Date of this Version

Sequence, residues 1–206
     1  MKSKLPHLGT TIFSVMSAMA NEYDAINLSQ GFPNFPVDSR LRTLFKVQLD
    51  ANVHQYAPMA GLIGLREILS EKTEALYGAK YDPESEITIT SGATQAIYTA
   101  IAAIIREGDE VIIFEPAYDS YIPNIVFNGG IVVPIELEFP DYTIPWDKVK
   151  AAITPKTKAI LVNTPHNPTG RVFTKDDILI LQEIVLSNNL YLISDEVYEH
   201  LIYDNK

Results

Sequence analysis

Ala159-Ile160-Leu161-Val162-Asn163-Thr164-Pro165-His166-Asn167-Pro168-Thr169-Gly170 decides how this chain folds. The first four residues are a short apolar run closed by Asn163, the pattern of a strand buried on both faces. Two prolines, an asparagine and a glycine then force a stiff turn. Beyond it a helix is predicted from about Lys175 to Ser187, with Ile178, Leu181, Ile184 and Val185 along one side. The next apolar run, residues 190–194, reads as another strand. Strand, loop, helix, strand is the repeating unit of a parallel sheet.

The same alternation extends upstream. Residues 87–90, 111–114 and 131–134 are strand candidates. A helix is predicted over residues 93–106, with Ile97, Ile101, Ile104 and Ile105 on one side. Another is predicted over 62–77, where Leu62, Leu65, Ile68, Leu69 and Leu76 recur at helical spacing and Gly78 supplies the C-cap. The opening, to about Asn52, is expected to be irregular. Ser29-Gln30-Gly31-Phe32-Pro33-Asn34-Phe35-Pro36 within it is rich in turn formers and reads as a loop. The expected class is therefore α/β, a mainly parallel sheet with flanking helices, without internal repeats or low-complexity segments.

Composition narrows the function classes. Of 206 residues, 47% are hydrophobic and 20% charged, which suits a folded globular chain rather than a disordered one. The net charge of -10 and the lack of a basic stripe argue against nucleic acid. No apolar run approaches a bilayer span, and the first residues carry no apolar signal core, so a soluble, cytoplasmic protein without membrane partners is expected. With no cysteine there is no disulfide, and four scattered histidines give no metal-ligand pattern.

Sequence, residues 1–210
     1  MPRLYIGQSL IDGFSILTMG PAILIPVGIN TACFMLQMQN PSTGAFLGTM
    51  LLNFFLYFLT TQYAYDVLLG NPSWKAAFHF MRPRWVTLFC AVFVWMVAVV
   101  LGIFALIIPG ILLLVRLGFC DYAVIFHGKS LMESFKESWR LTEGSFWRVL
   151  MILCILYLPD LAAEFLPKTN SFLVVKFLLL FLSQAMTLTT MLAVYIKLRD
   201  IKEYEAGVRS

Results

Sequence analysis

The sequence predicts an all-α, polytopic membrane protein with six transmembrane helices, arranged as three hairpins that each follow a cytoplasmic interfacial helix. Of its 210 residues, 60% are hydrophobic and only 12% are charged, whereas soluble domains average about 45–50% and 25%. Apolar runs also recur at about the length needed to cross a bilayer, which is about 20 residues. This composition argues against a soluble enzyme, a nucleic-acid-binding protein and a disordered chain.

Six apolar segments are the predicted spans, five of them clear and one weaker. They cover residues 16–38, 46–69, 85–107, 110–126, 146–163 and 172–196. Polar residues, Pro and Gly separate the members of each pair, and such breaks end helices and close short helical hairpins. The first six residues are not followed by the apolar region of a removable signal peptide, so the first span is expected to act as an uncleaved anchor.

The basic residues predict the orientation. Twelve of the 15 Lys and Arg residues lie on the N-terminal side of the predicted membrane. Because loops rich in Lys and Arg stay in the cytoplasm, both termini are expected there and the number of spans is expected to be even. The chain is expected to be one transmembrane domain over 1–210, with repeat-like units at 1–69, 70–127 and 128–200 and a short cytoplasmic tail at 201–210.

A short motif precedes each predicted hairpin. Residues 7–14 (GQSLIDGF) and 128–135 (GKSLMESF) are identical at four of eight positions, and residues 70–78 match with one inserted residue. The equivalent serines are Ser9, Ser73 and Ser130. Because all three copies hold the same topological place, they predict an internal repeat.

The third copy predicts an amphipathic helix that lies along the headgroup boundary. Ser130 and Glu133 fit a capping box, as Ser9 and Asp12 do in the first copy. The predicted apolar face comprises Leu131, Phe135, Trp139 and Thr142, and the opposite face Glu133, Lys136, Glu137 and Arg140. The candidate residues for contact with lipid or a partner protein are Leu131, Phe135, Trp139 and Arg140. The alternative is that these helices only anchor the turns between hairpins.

Diet variations of black crappie (Pomoxis nigromaculatus) and white crappie (Pomoxis annularis) were investigated at Hayes Center State Lake, a turbid 20-hectare state lake in southwest Nebraska. Zooplankton and insects accounted for most of the diet of all black crappie and of white crappie less than 200 mm long. The daily ration of planktophagic crappie declined to 1.3% as both species approached a length of 200 mm. Black crappie longer than 200 mm did not convert to fish and the daily ration declined to 0.8%. The dietary shift of white crappie to fish significantly increased the average volume of food as the daily ration increased to 1.6 and 2.9% at 200-249 and ≥250 mm, respectively. Crappie growth and survivorship were affected by the nature of the food. White crappie were 2.4 times more numerous and grew faster with improved survival at Age IV compared to the less dense black crappie population. Mortality rates of black crappie related positively to their size and water temperature during the growing season. Many black crappie longer than 200 mm died during July and August at 26-28 C; 71, 89, and 100% mortality of respective 200-209, 210-219, and 220-229 mm black crappie was estimated during summer. Black crappie (≥200 mm) were less adapted to capturing fish in turbid water, resulting in an energy trap during summer. The ability of ≥ 200-mm white crappie to prey on fish increased the daily ration above maintenance level during summer.